TJ: Yeah, as I mentioned earlier, this is one of the most thought-out and emotional decisions a new business owner will make. The company name is a valuable asset for any business owner. It can help potential customers remember you, find you, and even understand what you do. Don't make your business name so obscure that the customers can't determine what it means or what you do for your business. This often occurs when people are under pressure to find the unique web domain name or something like that, trying to make themselves stand out in some fashion. Sometimes they'll purposely misspell or awkwardly construct a business name.
My suggestion would be to try to come up with a name that is relevant to your industry or business. It doesn't mean that the name needs to be descriptive. I would save that for your tagline or slogan, but find a way to stand out with a catchy, distinct and evocative name. One that speaks to the core of your business.
GC: Big decision, it's a very big decision. And we've walked through a number of different things to keep in mind to be compliant as you name your business. But I know there's more. So, what other areas ought to be considered when you're making this big decision?
TJ: Yeah, there are a couple of other areas to be considered. And first, it's a good idea to conduct a trademark search. Just because a legal name is considered available with the state's filing office, it doesn't mean that some other company doesn't own trademark rights to that name. The state filing offices do not check state, federal, or common law trademark records when determining whether a name is distinguishable. They simply check their own business entity filing records and if there's no match there, they simply approve the name.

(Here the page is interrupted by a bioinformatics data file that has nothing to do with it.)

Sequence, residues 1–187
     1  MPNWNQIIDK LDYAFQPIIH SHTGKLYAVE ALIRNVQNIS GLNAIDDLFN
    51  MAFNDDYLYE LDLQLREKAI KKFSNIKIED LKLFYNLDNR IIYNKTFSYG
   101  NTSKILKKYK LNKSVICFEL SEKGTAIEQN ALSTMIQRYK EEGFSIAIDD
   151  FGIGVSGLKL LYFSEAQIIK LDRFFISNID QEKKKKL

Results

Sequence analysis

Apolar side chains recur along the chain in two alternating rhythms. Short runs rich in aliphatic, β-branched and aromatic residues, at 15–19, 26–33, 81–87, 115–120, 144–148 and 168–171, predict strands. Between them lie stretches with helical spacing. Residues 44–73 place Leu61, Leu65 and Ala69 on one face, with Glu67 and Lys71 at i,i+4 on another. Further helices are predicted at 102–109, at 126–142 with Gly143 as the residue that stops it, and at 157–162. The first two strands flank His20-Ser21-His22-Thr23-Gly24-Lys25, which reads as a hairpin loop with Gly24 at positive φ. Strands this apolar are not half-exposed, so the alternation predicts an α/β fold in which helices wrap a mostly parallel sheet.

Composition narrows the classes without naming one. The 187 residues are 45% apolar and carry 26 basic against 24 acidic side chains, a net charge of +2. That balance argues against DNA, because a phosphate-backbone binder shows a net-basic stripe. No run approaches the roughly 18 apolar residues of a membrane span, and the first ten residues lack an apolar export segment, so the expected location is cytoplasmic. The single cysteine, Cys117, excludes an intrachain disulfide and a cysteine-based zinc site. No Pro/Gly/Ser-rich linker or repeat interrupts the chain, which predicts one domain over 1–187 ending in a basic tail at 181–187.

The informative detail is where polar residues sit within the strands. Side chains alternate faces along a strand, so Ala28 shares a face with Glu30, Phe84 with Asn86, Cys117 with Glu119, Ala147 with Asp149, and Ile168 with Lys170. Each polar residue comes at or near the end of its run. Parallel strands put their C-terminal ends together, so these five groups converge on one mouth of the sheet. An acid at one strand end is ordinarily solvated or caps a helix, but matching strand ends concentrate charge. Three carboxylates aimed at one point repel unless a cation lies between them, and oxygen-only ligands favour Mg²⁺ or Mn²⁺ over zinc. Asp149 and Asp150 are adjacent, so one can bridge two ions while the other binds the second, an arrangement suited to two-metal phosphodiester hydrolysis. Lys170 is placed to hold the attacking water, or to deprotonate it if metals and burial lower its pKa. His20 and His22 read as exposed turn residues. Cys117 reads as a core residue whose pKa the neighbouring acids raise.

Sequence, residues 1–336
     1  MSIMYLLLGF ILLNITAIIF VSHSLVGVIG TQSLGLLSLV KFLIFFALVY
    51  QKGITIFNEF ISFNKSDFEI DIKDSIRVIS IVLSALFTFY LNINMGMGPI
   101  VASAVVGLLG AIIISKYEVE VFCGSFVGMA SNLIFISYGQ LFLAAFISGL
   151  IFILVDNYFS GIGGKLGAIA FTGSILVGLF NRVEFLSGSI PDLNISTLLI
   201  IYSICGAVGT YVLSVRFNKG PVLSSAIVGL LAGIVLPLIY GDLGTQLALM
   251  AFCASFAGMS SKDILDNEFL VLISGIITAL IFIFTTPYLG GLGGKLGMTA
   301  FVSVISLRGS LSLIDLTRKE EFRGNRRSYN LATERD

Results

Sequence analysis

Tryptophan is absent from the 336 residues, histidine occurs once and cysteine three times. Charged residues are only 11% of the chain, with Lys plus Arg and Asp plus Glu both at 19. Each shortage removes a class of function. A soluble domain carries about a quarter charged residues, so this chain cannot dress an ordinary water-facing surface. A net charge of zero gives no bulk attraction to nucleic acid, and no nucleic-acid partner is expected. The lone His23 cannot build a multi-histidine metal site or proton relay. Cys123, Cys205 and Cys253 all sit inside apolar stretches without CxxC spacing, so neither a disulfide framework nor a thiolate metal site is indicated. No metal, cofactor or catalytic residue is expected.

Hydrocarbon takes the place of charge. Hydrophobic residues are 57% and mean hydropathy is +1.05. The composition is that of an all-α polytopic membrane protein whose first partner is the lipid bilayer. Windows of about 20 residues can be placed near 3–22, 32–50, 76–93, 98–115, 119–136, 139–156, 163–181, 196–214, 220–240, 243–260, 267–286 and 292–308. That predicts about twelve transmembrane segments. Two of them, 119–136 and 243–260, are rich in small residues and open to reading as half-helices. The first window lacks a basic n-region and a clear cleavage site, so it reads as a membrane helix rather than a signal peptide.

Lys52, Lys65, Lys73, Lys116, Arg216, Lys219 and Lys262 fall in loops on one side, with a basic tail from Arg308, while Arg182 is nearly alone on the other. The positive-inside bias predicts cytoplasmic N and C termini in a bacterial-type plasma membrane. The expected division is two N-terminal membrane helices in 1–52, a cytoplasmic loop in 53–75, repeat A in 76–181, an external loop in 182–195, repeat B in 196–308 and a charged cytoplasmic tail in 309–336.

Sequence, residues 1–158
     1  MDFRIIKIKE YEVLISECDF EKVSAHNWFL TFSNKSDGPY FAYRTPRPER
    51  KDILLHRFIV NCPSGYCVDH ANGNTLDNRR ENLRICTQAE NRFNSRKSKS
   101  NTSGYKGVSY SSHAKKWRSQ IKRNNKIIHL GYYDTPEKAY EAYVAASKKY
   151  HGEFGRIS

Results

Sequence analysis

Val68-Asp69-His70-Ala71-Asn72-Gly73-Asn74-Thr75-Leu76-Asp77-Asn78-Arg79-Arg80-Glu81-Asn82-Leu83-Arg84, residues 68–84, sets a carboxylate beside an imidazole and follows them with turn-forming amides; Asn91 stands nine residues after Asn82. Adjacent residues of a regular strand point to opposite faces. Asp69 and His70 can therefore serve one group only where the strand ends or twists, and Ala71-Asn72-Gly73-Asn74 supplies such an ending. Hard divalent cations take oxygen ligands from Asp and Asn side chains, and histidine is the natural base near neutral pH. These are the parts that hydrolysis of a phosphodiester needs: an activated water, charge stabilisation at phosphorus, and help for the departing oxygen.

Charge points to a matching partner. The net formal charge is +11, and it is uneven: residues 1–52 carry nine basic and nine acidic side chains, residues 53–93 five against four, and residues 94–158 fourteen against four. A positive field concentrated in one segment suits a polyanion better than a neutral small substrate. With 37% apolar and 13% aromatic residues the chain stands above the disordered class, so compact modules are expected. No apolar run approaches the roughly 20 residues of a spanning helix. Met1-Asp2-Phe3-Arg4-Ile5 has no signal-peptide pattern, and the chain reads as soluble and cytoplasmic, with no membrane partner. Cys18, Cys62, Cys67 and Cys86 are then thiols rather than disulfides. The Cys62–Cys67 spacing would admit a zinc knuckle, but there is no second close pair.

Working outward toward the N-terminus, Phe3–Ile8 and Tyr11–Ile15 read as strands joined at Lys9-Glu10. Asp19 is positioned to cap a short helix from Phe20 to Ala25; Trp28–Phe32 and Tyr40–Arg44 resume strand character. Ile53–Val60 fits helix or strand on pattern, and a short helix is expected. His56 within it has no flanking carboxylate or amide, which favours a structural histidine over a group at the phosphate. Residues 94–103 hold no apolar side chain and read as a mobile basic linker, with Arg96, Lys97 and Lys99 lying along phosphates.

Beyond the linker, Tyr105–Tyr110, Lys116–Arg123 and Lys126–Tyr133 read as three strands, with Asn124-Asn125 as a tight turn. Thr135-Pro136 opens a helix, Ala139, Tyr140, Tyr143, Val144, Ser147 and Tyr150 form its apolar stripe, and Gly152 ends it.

The penalties for trademark infringement are severe, so it's important to check that your choice of business name isn't already protected by someone else. So, you should also make sure other names like assumed fictitious or domain names you might use also won’t infringe on someone's trademark rights. One way you can find out about this is to conduct a simple trademark search to uncover if any names or marks already in use are identical or similar to the names that you chose. And the US Patent and Trademark Office has tips on how to conduct a trademark search.
And then secondly, I would suggest to perform a name check with the state. You'll also want to conduct this name check with the state filing office to determine if your preferred legal name is available within those state records. Many incorporation service providers will include this as part of their service. By doing the name check, this will help prevent a state from rejecting your documents because the name isn't available when you try to register that company with a state.
But keep in mind also that a name check simply tells you that the name is available at the moment you perform that check. It does not hold the name for you or guarantee that you'll have it when you eventually get your filing put in place. If there will be a delay before you're ready to submit your incorporation or formation documents, I would consider taking advantage of what's called the name reservation. And this leads us to our next point.